The same themes are there, too—friendship, tension, boys, sex.
But the gals have matured, or at least changed with the times: They now actually have sex and use Facebook.
Pascal gave us Jessica and Elizabeth Wakefield, the pert, blond, miniskirted stars of Sweet Valley High, which burned up bestseller lists in the 1980s—the first teen fiction to appear on The New York Times paperback bestsellers list, alongside John Updike and Norman Mailer.
And for the vast canon of works devoted to the modern gal’s sexual escapades and shoe-shopping habits, including Candace Bushnell’s Sex and the City and Cecily von Zigesar’s Gossip Girl, we have Francine Pascal to thank.
Although her name was featured on each cover as "creator," she hired a team of ghostwriters to turn her outlines into chapters, while she could work on more "serious" subject matter.
"There were times I didn't want to be defined by this," says the mother of three, who has written a number of adult novels, but never with the same commercial success.
HIV awareness and education should be universally integrated into all educational environments.
The prevalence of some health behaviors remains high and puts youth at higher risk for negative health outcomes.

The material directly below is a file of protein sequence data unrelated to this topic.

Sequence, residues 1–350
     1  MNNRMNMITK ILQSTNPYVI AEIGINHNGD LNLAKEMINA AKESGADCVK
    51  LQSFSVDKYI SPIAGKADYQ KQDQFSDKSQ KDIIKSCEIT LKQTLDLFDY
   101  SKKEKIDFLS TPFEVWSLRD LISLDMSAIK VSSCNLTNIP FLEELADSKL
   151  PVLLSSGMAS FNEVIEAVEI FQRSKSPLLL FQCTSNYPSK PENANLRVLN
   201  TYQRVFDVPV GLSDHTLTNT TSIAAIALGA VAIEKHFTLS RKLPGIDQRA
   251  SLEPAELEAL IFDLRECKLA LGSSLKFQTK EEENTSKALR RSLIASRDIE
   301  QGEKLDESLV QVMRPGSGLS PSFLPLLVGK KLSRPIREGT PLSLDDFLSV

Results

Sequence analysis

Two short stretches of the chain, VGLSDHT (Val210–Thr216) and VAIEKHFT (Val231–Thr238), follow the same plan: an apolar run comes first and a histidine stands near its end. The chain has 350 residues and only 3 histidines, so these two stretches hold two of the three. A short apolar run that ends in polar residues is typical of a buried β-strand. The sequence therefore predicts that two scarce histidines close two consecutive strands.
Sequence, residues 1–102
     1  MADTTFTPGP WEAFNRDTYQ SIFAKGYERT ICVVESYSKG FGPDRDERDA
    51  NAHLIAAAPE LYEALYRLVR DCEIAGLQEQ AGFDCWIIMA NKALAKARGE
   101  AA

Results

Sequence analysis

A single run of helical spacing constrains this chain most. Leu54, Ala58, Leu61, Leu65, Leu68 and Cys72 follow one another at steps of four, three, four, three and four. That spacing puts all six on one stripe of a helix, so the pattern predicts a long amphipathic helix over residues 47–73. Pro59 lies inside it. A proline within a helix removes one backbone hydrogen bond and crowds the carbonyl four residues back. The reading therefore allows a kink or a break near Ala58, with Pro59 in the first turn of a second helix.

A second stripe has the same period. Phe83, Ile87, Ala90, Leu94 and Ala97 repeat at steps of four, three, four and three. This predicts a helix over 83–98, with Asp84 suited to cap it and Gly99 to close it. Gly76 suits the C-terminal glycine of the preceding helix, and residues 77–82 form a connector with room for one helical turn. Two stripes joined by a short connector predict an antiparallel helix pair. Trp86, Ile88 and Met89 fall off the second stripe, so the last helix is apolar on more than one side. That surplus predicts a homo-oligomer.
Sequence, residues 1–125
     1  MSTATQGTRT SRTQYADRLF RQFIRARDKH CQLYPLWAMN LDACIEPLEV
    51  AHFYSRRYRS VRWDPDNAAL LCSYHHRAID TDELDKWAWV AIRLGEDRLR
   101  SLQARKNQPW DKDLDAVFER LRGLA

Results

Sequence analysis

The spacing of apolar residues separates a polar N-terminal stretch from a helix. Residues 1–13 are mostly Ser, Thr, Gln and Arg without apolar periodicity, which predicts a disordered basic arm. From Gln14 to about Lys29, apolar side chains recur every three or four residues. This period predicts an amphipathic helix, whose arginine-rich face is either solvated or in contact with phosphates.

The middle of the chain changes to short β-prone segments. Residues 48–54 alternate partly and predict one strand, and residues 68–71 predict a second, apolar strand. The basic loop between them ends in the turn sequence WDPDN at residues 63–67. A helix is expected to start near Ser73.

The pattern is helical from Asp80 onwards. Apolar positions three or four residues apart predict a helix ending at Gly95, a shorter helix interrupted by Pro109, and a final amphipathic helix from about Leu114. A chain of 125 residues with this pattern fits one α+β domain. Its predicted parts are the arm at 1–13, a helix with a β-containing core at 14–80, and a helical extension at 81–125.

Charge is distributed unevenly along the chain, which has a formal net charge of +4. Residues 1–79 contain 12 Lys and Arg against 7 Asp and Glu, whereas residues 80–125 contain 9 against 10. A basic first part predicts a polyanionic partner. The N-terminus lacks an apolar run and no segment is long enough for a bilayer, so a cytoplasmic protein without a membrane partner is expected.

(One editor says the arrival of her book's manuscript caused a flurry of "squealing women" in the office.) From her fifth-floor apartment in midtown Manhattan, she carefully pages through a stack of hand-typed manuscripts, and the book's original pitch letter, to Bantam Books, in 1982.And while Pascal is the first to admit that Jessica and Elizabeth were shallow—“Dan and I used to fall on the floor laughing about how silly they were," she says, referring to her friend and publisher at St.Martin's, Dan Weiss—they were powerful protagonists, too.The National HIV/AIDS Strategy calls for all Americans to be educated about HIV.This includes knowing how HIV is transmitted and prevented, and knowing which behaviors place individuals at greatest risk for infection.There is also something called the Sweet Valley "Bible"—a thick guide to all things Jessica and Elizabeth, down to the color of Jess' legwarmers to just how conniving she could be (the answer: "very").Readers may be surprised to learn that Sweet Valley Confidential is the first Sweet Valley book Pascal has actually written cover to cover (though, she says with a laugh, "I wrote every single one of those f--king plotlines").Juno writer Diablo Cody is working on a feature film about the blue-eyed queen bees.And against the cultural currents, Pascal, now 73, is back with Sweet Valley Confidential, the first new book in seven years.In the beginning, that wasn't enough for many booksellers, who deemed Sweet Valley too "commercial" for their readers.The Times snubbed the series; librarians fought to keep their stacks free of the "skimpy-looking paperbacks," as one library journal put it.